Non-Ideal Characteristics Input impedance Output impedance Frequency response Slew rate Saturation Bias current Offset voltage.

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Non-Ideal Characteristics Input impedance Output impedance Frequency response Slew rate Saturation Bias current Offset voltage

Input and Output Impedances Ideal model assumes: R IN is infinite R OUT is zero In real life: R IN > 1 M  R OUT < 100 

Input Impedance In either configuration, voltage across R IN will be small (ideally zero) if A 0 is high. Current through R IN should, therefore, be small. Effect will be more notable for non-inverting configuration where ideal input current is zero.

Non-Inverting Amplifier

Output Impedance To calculate output impedance: Imagine the input voltage is zero. The output voltage should also be zero. The output looks like just R OUT connected to ground. To calculate/measure R OUT, connect a signal generator to the output and calculate/measure the current.

Output Impedance With the input set at zero, the equivalent circuits for non-inverting and inverting configurations are identical. Actual output impedance is V OUT /I.

Calculating Actual Output Impedance But,

We know that A 0 >> 1 and that R OUT is either small or comparable with R 1 and R 2. Typically, R OUT appears to be reduced by several orders of magnitude.

Input/Output Impedance Summary Negative feedback is very good at compensating for non-ideal properties of the amplifier. The effects of finite input impedance and non-zero output impedance are greatly reduced thanks to negative feedback. Eg. Using a 741, an amplifier with a gain of 10 has R OUT of around 100  x 10/10 5 = 10 m  ! NB. Negative feedback will not work so well unless the open-loop gain of the op-amp is very large. Reasonable at d.c. and low frequencies. At higher frequencies…

Frequency Response The open-loop gain of an op-amp features in the calculations for: Voltage gain Input impedance Output impedance We assumed it was very large (near infinite) True at low frequencies Not so at higher frequencies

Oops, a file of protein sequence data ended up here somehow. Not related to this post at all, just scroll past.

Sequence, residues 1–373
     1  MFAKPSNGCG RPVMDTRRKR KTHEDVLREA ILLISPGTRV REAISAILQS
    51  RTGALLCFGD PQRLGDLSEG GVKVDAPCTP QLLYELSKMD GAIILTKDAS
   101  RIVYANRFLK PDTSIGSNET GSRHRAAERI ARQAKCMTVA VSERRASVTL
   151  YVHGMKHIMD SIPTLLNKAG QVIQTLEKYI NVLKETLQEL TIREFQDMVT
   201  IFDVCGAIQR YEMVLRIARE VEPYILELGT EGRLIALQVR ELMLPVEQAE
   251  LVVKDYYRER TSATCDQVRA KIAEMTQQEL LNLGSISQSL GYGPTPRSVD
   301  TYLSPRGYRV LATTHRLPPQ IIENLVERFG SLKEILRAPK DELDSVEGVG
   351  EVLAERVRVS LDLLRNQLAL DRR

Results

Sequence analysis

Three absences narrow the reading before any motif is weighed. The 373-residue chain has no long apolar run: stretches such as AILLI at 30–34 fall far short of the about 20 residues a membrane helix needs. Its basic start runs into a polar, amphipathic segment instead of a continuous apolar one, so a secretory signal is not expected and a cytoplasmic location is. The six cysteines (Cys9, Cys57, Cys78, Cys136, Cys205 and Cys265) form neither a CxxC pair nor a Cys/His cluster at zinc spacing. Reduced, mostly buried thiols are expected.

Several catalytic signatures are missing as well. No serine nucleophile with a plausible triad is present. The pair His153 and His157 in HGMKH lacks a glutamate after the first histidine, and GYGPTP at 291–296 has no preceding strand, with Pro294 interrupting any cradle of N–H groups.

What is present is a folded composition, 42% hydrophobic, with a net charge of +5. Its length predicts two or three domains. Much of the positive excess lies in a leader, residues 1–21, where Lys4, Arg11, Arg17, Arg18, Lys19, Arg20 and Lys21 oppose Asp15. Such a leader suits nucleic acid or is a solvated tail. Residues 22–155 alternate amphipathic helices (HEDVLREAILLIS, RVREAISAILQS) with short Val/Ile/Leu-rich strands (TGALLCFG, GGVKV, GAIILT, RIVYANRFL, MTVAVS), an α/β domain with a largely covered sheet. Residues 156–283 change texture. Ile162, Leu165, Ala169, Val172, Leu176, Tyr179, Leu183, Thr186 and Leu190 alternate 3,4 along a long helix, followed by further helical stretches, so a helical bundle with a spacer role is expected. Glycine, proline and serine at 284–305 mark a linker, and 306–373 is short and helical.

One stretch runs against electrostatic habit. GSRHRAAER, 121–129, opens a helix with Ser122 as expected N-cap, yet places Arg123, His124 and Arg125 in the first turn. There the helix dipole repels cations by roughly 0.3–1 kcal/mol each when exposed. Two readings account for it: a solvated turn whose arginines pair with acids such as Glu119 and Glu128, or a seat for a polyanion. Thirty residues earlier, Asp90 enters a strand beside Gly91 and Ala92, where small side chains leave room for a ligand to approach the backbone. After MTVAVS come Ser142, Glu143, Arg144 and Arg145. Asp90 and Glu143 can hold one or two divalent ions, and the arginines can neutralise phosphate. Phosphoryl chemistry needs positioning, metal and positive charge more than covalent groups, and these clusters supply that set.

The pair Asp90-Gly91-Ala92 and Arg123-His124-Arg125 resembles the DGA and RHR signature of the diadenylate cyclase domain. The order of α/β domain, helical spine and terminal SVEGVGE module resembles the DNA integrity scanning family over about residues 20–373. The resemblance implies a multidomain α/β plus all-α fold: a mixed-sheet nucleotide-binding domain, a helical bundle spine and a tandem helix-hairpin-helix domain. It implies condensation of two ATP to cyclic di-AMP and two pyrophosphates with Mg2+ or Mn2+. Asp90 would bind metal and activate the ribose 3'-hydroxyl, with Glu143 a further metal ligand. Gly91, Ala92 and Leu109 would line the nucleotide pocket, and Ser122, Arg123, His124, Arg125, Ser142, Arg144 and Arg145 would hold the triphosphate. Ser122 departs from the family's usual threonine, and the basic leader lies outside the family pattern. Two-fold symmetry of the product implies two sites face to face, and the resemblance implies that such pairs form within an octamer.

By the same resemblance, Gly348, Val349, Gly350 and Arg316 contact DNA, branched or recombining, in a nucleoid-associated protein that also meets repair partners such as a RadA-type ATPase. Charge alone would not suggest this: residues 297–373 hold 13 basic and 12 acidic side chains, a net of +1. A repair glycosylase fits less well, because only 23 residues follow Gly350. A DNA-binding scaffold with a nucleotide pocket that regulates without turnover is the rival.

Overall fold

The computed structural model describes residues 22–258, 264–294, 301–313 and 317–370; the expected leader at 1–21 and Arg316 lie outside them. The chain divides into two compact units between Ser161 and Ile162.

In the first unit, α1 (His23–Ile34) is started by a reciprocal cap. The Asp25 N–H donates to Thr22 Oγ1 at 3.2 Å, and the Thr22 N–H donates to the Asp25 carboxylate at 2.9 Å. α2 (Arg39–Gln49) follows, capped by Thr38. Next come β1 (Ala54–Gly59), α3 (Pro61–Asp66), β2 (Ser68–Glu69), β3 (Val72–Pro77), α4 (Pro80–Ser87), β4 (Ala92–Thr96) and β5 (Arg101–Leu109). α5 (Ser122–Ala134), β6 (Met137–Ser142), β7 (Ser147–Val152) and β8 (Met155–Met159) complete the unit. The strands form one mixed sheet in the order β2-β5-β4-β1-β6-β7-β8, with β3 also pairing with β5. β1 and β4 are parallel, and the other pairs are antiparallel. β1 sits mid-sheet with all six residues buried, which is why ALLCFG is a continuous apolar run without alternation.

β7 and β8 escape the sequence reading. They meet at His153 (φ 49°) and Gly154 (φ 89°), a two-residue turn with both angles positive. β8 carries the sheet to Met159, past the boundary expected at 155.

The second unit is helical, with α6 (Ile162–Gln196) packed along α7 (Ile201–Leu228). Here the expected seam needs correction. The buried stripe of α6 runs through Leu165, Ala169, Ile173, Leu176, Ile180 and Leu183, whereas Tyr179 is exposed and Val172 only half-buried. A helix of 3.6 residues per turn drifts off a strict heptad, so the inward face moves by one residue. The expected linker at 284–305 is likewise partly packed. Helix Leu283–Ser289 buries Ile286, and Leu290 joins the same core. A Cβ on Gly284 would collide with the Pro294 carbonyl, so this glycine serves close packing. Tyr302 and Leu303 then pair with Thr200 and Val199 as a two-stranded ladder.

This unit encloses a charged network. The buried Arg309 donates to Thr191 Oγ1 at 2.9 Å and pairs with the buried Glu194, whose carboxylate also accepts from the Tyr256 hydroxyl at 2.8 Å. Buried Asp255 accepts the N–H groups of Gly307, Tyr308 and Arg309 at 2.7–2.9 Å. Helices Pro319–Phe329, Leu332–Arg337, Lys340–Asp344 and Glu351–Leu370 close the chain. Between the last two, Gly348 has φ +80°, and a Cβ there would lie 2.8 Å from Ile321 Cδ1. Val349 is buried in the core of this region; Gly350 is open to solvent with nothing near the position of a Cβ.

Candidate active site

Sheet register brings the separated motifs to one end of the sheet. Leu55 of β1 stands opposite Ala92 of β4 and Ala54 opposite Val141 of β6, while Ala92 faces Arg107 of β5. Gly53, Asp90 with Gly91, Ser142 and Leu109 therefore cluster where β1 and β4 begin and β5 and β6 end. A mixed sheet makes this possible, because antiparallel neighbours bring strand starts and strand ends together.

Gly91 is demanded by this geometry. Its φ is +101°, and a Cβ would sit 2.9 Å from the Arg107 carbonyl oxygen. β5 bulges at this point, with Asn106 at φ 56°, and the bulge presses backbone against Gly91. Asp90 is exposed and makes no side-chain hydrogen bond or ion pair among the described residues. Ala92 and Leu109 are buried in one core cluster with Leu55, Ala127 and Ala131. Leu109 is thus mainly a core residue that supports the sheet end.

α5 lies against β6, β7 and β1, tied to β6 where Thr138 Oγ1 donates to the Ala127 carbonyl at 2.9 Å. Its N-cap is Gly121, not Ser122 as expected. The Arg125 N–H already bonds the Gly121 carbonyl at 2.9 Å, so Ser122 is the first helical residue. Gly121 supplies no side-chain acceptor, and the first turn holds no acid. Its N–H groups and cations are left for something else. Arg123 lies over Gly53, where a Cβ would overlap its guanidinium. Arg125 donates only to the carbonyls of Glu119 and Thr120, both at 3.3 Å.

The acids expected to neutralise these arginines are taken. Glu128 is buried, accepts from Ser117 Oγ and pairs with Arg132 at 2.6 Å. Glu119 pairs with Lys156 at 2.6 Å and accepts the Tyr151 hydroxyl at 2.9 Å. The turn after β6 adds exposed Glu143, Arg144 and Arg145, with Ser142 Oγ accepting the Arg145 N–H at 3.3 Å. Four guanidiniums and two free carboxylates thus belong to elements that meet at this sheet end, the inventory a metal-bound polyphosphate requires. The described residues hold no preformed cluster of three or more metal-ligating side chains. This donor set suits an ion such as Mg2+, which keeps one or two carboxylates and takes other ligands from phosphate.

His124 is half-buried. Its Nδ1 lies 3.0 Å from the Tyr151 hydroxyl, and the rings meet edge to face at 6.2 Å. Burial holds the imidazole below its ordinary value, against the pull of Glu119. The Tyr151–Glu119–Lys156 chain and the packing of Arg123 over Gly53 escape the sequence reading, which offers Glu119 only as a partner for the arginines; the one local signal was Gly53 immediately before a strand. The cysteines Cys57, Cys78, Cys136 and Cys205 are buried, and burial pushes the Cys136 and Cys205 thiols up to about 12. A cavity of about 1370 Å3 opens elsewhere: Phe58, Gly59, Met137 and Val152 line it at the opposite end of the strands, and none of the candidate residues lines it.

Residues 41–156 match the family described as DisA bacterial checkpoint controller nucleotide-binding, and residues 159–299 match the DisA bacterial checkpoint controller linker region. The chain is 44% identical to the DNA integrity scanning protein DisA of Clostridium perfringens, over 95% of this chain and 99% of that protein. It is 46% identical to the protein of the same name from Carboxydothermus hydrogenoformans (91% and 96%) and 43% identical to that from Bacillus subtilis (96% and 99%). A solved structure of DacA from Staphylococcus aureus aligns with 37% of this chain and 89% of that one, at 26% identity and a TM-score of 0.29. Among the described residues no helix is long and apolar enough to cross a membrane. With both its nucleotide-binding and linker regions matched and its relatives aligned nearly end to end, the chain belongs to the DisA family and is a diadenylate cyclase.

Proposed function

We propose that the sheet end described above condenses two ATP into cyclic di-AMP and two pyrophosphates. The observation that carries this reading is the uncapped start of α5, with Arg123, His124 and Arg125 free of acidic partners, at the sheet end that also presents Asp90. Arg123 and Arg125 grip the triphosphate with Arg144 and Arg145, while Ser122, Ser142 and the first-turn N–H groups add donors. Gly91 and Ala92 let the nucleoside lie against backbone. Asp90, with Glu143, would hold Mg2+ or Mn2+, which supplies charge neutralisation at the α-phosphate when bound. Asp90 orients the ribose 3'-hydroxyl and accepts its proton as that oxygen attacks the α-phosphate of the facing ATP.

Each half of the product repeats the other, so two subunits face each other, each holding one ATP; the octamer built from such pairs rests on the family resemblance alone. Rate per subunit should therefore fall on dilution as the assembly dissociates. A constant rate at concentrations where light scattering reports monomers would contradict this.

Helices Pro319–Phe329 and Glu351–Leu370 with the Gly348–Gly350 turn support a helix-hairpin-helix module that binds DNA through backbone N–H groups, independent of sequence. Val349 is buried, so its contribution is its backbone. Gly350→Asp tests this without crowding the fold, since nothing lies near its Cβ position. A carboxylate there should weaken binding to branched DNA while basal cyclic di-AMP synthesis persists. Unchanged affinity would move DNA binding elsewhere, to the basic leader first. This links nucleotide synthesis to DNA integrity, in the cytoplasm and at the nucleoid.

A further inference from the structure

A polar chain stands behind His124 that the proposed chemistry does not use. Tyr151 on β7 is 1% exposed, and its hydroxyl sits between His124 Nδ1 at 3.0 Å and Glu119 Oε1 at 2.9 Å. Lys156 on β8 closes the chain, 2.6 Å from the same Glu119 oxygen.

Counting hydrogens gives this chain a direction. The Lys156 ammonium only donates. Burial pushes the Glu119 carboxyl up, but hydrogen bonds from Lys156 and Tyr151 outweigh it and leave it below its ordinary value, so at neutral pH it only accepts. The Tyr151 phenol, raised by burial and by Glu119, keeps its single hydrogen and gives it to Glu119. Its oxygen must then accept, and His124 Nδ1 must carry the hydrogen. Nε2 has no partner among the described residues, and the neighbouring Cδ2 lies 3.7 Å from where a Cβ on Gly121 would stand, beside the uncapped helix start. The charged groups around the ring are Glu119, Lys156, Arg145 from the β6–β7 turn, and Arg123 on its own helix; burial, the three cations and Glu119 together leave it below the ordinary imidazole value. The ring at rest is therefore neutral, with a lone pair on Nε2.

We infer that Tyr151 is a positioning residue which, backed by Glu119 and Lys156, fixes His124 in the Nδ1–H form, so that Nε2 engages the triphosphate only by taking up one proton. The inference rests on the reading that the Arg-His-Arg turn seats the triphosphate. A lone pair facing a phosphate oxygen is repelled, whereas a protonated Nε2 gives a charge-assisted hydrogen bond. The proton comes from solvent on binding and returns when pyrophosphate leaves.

Open-Loop Gain vs. Frequency First order approximation:

Effects of Frequency Response Ideally, gain = 10

Frequency Response (cont) Constant, K, depends on the op-amp. For a 741 it is around 2  10 6. i.e. A first order low- pass filter, cut-off frequency of 100 kHz.

Gain-Bandwidth Product Cut-off frequency multiplied by mid-band gain is always the same value. This is the gain-bandwidth product (1 MHz in this case).

Frequency Response Summary It is impossible to design an amplifier whose gain exceeds A 0 (f) at any frequency. At high frequencies, gain is limited by A 0 which typically rolls-off at 20dB-decade. The cut-off frequency is The intersection of the low and high frequency asymptotes The –3dB point The gain-bandwidth product divided by the mid-band gain

Slew Rate There is a maximum rate of change associated with the output of an op-amp. The Slew Rate. Typical value for a 741 is 0.5 V/  s.

Effect of Slew Rate on a Sine Wave For a sine wave output voltage of amplitude, A, and frequency, f: Rate of change of the output voltage is: To avoid slew rate limiting:

Full Power Bandwidth If the amplitude of the sine wave output is just below the saturation level, the maximum frequency that an undistorted SINE WAVE output can be obtained is often known as the full power bandwidth. E.g. 741 with saturation levels of ±13.5 V: NB. More about saturation next time…

Summary Real op-amps deviate from the ideal model in many ways. Negative feedback automatically compensates for many of these. Most of the time, therefore, the ideal model works pretty well… …except under extreme conditions. NB. Saturation comes up next time as an introduction to comparators.

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